A bill that would add another enforcement mechanism to the state law's restriction on participation in school sports for transgender girls and women was sent to the governor by the Arkansas House on Wednesday.
Senate Bill 450 by Sen. Missy Irvin, R-Mountain View, gives Arkansas' attorney general a cause of action against schools that knowingly allow athletes assigned the male sex at birth to participate on female sports teams.
The bill passed in a 74-17, party-line vote.
Last month, Gov. Asa Hutchinson signed into law Act 461, which gives student athletes "deprived of athletic opportunity" by a school not maintaining separate teams for cisgender female students a private cause of action.
Supporters of the legislation say it ensures fairness in female sports, arguing that cisgender girls and women are physically outmatched by athletes assigned the male sex at birth, though they have acknowledged there has not been an instance of or a complaint about transgender participation in sports in Arkansas.
House sponsor DeAnn Vaught, R-Horatio, described SB450 as a companion to Act 461 and said it gives the attorney general "the right to go to the school and investigate if something's turned in."
Arkansas Attorney General Leslie Rutledge, who is seeking the Republican nomination for governor in 2022, announced her support for SB450 at a news conference in February, days before Irvin announced the legislation that became Act 461 as part of the Republican Women's Legislative Caucus' legislative package.
Both pieces of legislation go further than athletic organizations' existing standards for transgender participation. The NCAA allows transgender athletes on female teams after one year of testosterone-suppressing hormone treatment. The Arkansas Activities Association, which oversees kindergarten-through-12th-grade sports in the state, requires that students participate on teams aligning with the sex listed on their birth certificates, though the rules allow a changed birth certificate to be accepted.
House Minority Leader Tippi McCullough, D-Little Rock, said SB450 is unnecessary because the attorney general can already litigate any matter, adding that the measure "only serves to discriminate against a minority."
"Athletics are a valuable experience where student-athletes gain physical, mental, team and leadership skills," McCullough said. "There is room for everyone."
McCullough, the only openly LGBTQ member of the Arkansas Legislature, said the measures put negative national attention on the state, referencing a recent statement from the NCAA. The organization said it would only hold events in locations that are inclusive of transgender athletes.
She also referenced a statement from Doug McMillon, president and CEO at Walmart, who said earlier this month that he was concerned with bills targeting the LGBTQ community.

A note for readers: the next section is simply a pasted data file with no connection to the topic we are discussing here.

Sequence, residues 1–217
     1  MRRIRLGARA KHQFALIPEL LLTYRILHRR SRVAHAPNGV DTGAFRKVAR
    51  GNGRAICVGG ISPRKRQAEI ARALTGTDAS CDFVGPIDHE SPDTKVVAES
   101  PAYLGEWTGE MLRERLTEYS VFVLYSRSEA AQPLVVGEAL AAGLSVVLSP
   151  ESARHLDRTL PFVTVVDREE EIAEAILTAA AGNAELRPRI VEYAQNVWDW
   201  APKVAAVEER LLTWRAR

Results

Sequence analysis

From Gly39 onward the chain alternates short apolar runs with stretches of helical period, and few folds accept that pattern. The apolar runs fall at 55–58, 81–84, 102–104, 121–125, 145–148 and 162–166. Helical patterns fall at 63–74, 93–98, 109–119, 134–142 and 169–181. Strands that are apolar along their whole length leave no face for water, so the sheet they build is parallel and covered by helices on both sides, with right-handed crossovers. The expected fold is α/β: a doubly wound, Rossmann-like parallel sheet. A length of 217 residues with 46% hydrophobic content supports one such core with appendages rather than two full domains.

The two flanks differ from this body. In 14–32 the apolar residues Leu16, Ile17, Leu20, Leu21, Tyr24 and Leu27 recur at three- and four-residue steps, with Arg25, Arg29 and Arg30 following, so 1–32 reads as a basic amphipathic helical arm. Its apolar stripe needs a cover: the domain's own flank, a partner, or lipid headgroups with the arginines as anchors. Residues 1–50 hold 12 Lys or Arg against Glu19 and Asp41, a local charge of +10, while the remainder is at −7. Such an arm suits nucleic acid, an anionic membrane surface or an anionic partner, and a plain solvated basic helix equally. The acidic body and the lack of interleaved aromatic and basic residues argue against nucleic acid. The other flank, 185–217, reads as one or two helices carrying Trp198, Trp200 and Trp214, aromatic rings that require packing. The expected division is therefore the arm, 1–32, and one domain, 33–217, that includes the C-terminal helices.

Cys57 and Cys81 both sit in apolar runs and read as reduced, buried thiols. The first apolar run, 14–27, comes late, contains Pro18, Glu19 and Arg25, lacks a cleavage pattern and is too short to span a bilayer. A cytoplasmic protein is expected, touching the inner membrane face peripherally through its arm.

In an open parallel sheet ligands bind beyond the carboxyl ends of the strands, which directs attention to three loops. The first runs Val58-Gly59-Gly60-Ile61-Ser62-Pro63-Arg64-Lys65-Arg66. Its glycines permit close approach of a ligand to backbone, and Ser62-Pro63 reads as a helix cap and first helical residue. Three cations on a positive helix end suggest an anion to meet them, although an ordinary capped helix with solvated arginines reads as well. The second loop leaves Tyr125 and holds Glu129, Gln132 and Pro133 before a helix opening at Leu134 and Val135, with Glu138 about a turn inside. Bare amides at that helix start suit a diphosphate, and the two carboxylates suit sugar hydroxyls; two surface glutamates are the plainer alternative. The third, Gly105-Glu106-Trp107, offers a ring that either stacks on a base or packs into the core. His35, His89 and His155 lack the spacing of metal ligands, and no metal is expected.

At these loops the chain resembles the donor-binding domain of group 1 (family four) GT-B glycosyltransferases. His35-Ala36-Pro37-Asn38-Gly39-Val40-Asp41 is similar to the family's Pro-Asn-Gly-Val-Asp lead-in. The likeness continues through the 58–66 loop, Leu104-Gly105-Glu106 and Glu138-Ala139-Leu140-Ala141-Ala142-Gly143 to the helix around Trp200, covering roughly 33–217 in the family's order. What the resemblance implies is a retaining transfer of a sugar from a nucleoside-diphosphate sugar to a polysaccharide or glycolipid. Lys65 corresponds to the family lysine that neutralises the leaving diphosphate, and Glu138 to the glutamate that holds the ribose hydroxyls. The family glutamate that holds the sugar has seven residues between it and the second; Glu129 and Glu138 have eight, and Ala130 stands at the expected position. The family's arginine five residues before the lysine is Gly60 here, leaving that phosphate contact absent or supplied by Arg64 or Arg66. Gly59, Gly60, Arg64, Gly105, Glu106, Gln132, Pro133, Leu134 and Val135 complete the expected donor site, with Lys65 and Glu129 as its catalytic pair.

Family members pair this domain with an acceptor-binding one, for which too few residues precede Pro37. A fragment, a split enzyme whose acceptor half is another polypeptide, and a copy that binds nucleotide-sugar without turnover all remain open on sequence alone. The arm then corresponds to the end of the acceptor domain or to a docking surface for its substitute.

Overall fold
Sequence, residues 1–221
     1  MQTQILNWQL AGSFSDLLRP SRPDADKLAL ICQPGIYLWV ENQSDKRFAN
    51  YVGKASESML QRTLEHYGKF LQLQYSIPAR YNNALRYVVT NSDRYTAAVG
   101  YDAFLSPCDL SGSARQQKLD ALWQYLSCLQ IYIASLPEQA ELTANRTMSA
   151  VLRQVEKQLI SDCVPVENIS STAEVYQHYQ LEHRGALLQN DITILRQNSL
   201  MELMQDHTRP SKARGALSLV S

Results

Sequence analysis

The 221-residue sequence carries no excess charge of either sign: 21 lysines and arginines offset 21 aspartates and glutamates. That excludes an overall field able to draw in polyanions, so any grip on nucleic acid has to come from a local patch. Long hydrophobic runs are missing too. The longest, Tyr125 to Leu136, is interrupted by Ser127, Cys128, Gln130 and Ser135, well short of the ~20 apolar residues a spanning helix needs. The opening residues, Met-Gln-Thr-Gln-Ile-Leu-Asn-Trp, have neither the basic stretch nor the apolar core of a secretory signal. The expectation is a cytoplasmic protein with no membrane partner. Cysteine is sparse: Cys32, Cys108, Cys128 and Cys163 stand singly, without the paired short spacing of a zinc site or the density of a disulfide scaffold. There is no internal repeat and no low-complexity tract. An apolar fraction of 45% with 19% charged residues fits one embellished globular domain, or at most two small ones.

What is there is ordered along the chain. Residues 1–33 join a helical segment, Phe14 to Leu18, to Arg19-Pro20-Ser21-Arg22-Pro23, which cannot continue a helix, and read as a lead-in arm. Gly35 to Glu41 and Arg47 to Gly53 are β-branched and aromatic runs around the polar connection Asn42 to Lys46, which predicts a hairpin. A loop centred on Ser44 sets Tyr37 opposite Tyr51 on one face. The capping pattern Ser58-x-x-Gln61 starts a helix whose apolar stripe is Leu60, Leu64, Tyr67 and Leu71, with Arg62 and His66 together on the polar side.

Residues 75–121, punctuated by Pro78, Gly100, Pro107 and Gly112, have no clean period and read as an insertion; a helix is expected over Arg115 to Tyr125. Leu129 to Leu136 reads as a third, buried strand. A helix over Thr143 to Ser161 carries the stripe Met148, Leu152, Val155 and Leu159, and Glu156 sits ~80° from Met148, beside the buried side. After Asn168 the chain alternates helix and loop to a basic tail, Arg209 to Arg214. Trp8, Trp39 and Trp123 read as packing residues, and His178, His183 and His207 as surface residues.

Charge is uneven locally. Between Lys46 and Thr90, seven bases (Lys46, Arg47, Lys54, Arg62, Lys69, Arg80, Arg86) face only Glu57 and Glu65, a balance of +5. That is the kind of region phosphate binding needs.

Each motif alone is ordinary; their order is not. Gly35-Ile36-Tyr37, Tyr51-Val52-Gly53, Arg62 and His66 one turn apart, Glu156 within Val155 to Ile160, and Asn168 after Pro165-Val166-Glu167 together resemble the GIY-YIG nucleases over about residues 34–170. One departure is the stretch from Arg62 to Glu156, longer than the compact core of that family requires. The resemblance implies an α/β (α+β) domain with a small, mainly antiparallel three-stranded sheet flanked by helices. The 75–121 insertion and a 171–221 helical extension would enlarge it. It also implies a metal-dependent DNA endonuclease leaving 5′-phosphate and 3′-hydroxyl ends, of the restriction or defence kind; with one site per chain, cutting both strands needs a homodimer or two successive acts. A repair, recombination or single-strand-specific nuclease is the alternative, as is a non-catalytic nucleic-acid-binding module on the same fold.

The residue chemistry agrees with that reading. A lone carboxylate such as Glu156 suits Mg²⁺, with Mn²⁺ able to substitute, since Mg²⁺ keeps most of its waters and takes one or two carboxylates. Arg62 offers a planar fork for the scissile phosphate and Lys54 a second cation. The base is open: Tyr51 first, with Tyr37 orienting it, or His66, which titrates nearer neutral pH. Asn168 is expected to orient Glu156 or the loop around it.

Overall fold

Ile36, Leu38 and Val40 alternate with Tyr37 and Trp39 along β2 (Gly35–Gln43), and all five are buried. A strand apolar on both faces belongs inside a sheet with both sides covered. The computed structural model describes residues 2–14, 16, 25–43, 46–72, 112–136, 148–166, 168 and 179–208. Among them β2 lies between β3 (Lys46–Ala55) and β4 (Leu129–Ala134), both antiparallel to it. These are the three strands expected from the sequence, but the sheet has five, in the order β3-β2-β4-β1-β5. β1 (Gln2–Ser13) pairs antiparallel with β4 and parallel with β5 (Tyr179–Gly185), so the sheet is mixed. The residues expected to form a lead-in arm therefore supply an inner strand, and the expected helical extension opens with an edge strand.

Rep. Jack Ladyman, R-Jonesboro, said he was "tired of hearing people talk about how poor and bad we are" and being "threatened" by organizations and corporations that say the state will lose business and sports tournaments if it doesn't "bow" to what they want.
"We need to decide what we want to do, not what these national organizations or these international companies want to do," Ladyman said.
More than 20 states in 2021 have considered bills that would restrict transgender participation in sports, according to The Associated Press. Arkansas became the second state this year to sign one into law, after Mississippi. Tennessee's governor signed that state's law last month.
Idaho passed such a law in 2020, but that measure has been barred from taking effect by a court order.
According to the Human Rights Campaign, the nation's largest LGBTQ civil-rights organization, the sports bills are among more than 100 measures that have been introduced in state legislatures this year that would affect transgender people.
Arkansas became the first state to enact a ban on gender-affirming medical treatment for minors, over the governor's veto, earlier this month.
Later on Wednesday, a bill stating that Arkansas teachers wouldn't be required to address students by a name or pronoun inconsistent with their biological sex failed in the Senate Education Committee.
Transgender-rights advocates and mental health professionals who spoke against the bill said it would negatively affect transgender youths by allowing teachers to misgender or "deadname" them.
Rep. Mary Bentley, R-Perryville, said the bill aims to protect the First Amendment rights of teachers and that students were changing their gender identity two or three times a year.
With six of the committee's eight members present, House Bill 1749 failed in a divided voice vote.